of an exquisite voice and of extraordinary aptitude for music, the
conquest with almost unexampled rapidity of a place beside the first
singers of the day, a few short years of theatrical triumphs, an
advantageous marriage, loss of fortune, return to the stage--and the
tale is told. Even in this meagre outline there is no slight savour
of the romantic. "The Countess Rossi," it has been truly observed by
a French writer, "has scarcely performed in any lyrical drama fuller
of incident and romance than her own life. For her the line of flame
which in theatres separates the real from the ideal world, has not
existed."[7] Doubtless the details of this accomplished lady's life
would be otherwise interesting than the bare outline of its leading
events with which the world is fain to content itself. Twenty-five
years, divided between the aristocracy of musical talent, and the
aristocracy of diplomacy and high birth, must afford rich materials
for autobiography. Nor would the period of her childhood be without
its strong attraction, were she able to remember, and pleased to
tell, of those days of infantine renown, when Coblenz and the banks
of Rhine rang with praises of the seven-year-old songstress, whose
parents, although they had the good sense to refuse the solicitations
of managers, anxious to produce the prodigy, would yet at times
place her on their table, and bid her sing for the gratification of
admiring friends. Her first appearance in public was at the age of
eleven, on the Darmstadt theatre; and perhaps even now that dullest
of German capitals remains in her memory as a place of brightness
and beauty, associated as it is with her early and complete success.
But little Henrietta was not yet to continue the career she had so
auspiciously begun. Hot theatres and unlimited praise composed a
dangerous atmosphere for one so young, and her next step was to the
Conservatory or great musical school at Prague, to the head of which
she speedily made her way. At the age of fourteen or fifteen her
proficiency in the various branches of her art was so great, that her
cautious parents had scarcely a pretext for withholding her longer
from the stage, which she manifestly was destined to adorn. Still
they hesitated, when accident cast the die. The _prima donna_ of the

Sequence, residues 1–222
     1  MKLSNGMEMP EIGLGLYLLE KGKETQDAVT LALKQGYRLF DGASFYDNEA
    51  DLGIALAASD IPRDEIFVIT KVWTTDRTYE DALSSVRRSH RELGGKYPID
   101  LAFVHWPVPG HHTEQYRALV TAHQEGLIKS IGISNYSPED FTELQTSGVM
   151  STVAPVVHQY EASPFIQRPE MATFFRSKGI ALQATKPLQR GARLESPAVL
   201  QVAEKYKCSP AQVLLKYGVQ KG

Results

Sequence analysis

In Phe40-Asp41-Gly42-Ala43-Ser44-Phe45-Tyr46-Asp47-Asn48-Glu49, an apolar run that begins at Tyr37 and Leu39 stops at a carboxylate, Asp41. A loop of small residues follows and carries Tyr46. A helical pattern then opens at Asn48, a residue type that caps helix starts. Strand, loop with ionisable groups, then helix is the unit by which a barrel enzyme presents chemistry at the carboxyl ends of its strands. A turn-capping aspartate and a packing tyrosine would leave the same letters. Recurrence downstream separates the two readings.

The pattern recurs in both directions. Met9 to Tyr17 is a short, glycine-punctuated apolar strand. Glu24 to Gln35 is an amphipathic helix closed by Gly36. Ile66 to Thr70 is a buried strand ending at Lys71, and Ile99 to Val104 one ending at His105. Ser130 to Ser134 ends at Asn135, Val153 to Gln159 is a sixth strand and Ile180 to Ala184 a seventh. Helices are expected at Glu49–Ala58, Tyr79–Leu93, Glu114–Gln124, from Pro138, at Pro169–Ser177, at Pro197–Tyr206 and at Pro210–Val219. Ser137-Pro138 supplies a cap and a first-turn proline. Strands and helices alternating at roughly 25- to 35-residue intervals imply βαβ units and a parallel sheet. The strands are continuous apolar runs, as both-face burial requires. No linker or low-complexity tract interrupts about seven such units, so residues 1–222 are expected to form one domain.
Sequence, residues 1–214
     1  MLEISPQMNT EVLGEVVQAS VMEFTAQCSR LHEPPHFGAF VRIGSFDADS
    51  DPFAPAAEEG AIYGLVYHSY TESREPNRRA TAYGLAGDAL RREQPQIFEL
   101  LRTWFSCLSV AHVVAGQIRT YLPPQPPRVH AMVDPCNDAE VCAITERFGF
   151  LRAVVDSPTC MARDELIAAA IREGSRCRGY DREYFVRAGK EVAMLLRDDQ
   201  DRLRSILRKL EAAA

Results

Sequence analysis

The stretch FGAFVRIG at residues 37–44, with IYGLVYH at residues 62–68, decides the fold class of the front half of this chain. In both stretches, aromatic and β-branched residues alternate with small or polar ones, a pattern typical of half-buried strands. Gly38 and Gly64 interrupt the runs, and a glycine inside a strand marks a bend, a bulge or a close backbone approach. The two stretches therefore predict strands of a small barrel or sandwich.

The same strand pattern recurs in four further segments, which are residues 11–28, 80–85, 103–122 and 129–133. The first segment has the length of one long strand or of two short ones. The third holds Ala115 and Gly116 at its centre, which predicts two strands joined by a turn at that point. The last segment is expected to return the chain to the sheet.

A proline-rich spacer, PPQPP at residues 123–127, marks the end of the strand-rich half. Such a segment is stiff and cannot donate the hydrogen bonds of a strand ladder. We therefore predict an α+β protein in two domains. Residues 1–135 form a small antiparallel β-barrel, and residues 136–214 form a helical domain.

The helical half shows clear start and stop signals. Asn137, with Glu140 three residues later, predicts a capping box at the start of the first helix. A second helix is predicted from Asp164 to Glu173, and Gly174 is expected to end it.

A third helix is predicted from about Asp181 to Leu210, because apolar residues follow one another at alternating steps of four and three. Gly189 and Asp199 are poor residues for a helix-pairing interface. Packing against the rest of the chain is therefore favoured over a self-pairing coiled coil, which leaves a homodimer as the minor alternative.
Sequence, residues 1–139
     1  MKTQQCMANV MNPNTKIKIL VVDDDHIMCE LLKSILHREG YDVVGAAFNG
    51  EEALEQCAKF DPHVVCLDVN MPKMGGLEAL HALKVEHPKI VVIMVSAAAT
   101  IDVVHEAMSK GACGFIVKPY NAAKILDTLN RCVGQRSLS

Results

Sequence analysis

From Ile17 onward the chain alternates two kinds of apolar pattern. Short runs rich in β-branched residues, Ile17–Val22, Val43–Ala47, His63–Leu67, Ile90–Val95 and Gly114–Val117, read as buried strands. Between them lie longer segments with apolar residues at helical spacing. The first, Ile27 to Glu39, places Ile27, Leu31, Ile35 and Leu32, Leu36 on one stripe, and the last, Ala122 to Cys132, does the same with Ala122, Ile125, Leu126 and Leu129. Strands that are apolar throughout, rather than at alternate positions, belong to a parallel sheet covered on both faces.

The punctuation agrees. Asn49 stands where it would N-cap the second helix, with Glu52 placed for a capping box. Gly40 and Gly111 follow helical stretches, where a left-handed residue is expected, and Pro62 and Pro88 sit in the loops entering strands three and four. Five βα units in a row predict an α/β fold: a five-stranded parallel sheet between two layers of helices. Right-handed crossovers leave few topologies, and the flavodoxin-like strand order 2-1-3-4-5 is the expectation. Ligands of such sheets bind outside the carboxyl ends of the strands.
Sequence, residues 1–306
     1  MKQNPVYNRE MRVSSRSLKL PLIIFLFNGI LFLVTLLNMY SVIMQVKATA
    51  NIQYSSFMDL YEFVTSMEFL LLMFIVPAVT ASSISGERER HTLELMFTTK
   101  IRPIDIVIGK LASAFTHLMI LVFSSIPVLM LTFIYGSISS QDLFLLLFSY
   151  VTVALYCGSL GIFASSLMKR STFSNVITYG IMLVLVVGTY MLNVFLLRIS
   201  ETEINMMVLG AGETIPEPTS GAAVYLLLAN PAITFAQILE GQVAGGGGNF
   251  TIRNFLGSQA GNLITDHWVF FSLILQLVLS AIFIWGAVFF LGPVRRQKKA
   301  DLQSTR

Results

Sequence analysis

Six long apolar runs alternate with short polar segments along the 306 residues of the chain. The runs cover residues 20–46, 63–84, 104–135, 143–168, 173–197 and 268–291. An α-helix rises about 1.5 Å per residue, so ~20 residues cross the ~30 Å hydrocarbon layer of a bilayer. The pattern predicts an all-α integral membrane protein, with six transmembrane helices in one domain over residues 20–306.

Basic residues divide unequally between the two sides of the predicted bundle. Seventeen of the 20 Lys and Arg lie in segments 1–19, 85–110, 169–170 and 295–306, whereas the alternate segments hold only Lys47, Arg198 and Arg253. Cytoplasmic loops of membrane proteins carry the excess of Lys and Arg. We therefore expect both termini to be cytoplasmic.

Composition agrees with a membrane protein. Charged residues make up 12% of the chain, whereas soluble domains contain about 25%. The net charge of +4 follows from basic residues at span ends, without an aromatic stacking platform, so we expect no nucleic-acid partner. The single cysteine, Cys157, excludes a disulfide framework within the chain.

Prague opera was taken ill: not of one of those fleeting maladies to
which singers and dancers are proverbially liable--and which appear
an hour or two after noon, to disappear in time for a late breakfast
next morning--but seriously, and without hope of speedy recovery. The
despairing manager appealed to the pity of the Sontags. His only hope
was in Henrietta, and Henrietta was allowed to appear upon the boards
of the Imperial Opera of Prague--a theatre to which immortality
is secured by the first performance of the _Nozze di Figaro_ and
the _Clemenza di Tito_ having taken place within its walls. From
a recently published and authentic sketch of Madame Sontag's
professional life,[8] we extract an account of her entrance.

  [7] Theophile Gautier, _L'Ambassadrice. Biographie de la Comtesse
  Rossi_. Paris: 1850.

  [8] _A Memoir of the Countess de Rossi_, (Madame Sontag.) London:

     "If nothing was wanting in courage, natural gifts of voice,
     and intellectual power, on the part of the child, as regards
     the height of her person there was a _mancamento_ of several
     inches. But the stage-manager was not oblivious of the means
     by which the Greeks gave altitude to their scenic heroes and
     heroines; and the little _prima donna_, to whom was assigned
     for her _début_ the principal female part in a translation of
     the favourite French opera _Jean de Paris_, was supplied with
     enormous cork heels. There was a time, at the court of Louis
     XV., when an inch and a half of red heel was the distinctive
     characteristic of a marquis, or of a lady of sufficient quality
     to be allowed to sit in the presence of royalty. On the
     occasion of the _début_ of Henriette Sontag, four inches of
     vermillion-coloured cork foreshadowed the rank of the little
     lady, destined to become one of the most absolute mimic queens
     of the lyrical world, and afterwards a real and much respected
     countess. When the singer who enacted the pompous seneschal in
     the opera of _Jean de Paris_ came forward, and said, 'It is no
     less a personage than the Princess of Navarre whose arrival
     I announce!' the applause and laughter was universal. When
     the little prodigy appeared on her cork pedestal, the house
     re-echoed with acclamations. As the business of the stage
     proceeded, the auditors found there was no longer any indulgence
     necessary on the score of age, but that there were claims
     on their admiration for a voice which, for purity, peculiar
     flute-like tone, and agility, has never been surpassed. The
     celebrated tenor, Gerstener, that night surpassed himself,
     finding he had to cope with the attraction of a new musical
     power. Many nights successively did she thus sing the Princess
     of Navarre, with increasing success, to crowded houses. Her next
     part was one far more difficult--that of the heroine in Paer's
     fine opera, _Sargin_. But the capital of Bohemia was not long
     to retain her. The Imperial court heard of her extraordinary
     success, and Henriette Sontag was summoned to Vienna, where she
     appeared, the very next season, at the German Opera."

Fraulein Sontag had not been long in the Austrian capital when the
eccentric Domenico Barbaja, then lessee of La Scala, the San Carlo,
and of the Italian Opera at Vienna, arrived there, incredulous of the
merits of the new _prima donna_. His incredulity must not be ascribed